# How to see symbol manipulation from an intuitive perspective in math?

I have recently started to develop my mathematical intuition. In the past I saw math as a mere game of symbol manipulation, whosoever was able to see patterns and cram formulas and apply them upon those symbols won. However,I now feel that the truth is contrary to the aforementioned,this is because I see in each new chapter that I study in calculus or linear algebra, there is an inherent geometrical intuition that can be easily visualized. At other instances there may not be a geometric interpretation, however there are ways of understanding why the proved results are true. But there is still a void of intuition in the most basic algebra that I am encountering. The following link should demonstrate what algebra I am talking about: http://link.springer.com/chapter/10.1007/978-0-8176-4549-6_1#page-2

Another example further in this text: Finding the roots of the equation: (xy − 7)^2 = x^2 + y^2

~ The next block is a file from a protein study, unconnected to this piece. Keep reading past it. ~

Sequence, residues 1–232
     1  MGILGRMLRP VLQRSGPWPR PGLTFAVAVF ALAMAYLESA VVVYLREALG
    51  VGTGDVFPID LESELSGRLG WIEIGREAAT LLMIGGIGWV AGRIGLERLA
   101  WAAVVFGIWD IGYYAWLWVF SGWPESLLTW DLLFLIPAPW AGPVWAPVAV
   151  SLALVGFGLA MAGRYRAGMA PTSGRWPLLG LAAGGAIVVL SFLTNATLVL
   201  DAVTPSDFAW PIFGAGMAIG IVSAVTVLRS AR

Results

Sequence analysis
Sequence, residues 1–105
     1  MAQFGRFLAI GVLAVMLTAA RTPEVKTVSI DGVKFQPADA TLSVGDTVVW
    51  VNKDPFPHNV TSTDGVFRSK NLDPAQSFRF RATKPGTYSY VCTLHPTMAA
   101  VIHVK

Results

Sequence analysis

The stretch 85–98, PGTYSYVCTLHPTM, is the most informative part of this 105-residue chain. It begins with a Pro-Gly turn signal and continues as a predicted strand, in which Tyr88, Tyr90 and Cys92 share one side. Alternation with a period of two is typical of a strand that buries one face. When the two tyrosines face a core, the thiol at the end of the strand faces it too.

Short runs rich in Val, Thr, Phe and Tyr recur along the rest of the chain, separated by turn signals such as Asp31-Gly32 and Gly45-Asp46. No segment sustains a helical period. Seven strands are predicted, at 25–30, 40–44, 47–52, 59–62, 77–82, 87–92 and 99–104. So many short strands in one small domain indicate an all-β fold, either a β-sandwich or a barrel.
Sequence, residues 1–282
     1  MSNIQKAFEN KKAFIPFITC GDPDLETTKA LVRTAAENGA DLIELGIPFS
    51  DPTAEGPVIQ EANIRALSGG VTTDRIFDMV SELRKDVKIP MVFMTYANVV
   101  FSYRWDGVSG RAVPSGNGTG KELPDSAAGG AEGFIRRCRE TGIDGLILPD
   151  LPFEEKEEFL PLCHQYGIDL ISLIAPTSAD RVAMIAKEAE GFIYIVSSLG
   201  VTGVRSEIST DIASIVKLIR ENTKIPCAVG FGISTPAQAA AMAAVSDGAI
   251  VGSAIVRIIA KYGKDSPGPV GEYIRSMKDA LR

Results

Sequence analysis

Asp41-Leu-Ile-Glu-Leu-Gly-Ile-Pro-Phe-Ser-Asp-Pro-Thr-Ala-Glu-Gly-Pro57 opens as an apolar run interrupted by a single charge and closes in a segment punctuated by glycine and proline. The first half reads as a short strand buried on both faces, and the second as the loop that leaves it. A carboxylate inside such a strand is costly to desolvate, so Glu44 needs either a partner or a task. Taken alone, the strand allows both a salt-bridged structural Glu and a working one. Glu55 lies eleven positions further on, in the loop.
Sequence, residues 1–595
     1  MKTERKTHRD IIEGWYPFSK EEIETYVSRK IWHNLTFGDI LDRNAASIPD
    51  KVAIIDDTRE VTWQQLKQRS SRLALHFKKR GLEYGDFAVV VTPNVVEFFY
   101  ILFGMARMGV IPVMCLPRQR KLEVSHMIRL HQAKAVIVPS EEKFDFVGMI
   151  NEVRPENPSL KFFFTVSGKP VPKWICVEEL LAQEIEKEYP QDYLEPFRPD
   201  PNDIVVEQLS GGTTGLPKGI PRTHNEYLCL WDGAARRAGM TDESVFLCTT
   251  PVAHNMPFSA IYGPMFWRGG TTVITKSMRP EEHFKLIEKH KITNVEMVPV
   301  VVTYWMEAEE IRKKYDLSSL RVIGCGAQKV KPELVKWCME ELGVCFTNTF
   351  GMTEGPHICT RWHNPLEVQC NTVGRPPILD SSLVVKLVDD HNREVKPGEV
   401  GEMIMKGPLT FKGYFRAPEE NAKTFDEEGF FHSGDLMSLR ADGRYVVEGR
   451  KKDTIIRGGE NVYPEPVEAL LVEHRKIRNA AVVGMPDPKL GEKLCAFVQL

Although, the aforementioned can be easily solved after looking at solved examples, however, for each step my motivation is to basically juggle the symbols until I find a pattern I am looking for. What that pattern represents and the symbol juggling itself seems like an opaque layer to me? Please, can anybody give me suggestion to how I can intuitively plan out my steps doing basic algebra. Is there a way of doing math on an intuitive basis from the bottom up? Preferably, in a visual way?

• The link goes to a page where one can buy access to the text. It would be better if you gave the example directly, instead of this link. – Per Manne Nov 15 '15 at 21:45
• @PerManne Let p and q be two primes. Solve in positive integers the equation: 1/x + 1/y = 1/pq – fahad aijaz Nov 15 '15 at 22:23
• This diophantine equation seems like something much more advanced and more difficult than the other example you gave (involving a quadratic equation). – littleO Nov 15 '15 at 23:18

This is not really an answer, but it was getting too long to be a comment.

Mathematics draws much of its power from deep, sometimes mysterious dualities between geometry and algebra, so I do not think there is any way to understand the relationship between geometric intuition and symbol manipulation in general.